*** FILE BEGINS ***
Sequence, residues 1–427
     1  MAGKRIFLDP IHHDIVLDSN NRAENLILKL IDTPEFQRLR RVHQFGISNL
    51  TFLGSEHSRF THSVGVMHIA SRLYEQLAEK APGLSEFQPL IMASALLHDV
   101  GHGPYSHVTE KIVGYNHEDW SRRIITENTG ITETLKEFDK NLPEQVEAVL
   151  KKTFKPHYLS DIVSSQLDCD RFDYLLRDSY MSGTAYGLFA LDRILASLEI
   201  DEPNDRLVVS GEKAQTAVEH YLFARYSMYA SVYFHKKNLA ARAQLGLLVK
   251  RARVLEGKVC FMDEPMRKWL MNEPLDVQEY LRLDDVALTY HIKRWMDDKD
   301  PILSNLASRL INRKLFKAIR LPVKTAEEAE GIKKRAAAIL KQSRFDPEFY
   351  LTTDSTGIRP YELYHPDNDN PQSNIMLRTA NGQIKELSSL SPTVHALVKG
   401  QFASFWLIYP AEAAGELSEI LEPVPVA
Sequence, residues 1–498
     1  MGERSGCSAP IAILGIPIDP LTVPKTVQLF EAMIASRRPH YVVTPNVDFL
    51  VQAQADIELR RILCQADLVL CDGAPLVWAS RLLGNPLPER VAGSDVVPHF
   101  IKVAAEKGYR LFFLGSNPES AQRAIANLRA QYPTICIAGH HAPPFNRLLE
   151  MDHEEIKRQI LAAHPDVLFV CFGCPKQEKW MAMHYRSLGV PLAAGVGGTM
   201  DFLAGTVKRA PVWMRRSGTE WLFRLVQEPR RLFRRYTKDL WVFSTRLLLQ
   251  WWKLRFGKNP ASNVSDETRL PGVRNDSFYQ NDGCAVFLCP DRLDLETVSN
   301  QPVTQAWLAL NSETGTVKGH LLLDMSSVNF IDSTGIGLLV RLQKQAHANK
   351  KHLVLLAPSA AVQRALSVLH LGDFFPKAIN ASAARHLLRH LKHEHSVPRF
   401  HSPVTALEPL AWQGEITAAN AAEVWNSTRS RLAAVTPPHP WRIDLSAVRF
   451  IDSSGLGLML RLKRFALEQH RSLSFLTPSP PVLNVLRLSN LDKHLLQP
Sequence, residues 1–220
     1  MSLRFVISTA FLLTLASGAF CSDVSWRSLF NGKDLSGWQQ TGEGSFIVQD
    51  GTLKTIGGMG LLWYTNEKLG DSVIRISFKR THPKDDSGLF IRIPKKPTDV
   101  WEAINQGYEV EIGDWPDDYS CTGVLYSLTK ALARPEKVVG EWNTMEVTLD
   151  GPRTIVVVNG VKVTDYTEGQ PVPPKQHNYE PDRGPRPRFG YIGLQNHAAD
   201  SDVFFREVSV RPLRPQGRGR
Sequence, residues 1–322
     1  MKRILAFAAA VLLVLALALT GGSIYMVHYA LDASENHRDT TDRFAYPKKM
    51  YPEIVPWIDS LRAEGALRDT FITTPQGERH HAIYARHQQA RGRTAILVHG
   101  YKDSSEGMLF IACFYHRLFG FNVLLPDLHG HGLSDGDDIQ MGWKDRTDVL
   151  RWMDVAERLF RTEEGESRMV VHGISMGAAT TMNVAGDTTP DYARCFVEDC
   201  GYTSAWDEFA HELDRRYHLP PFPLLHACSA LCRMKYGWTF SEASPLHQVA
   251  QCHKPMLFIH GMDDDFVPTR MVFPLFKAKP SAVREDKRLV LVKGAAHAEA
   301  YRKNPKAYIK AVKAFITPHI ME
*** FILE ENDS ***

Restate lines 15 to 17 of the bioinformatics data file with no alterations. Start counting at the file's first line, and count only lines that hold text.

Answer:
   151  MDHEEIKRQI LAAHPDVLFV CFGCPKQEKW MAMHYRSLGV PLAAGVGGTM
   201  DFLAGTVKRA PVWMRRSGTE WLFRLVQEPR RLFRRYTKDL WVFSTRLLLQ
   251  WWKLRFGKNP ASNVSDETRL PGVRNDSFYQ NDGCAVFLCP DRLDLETVSN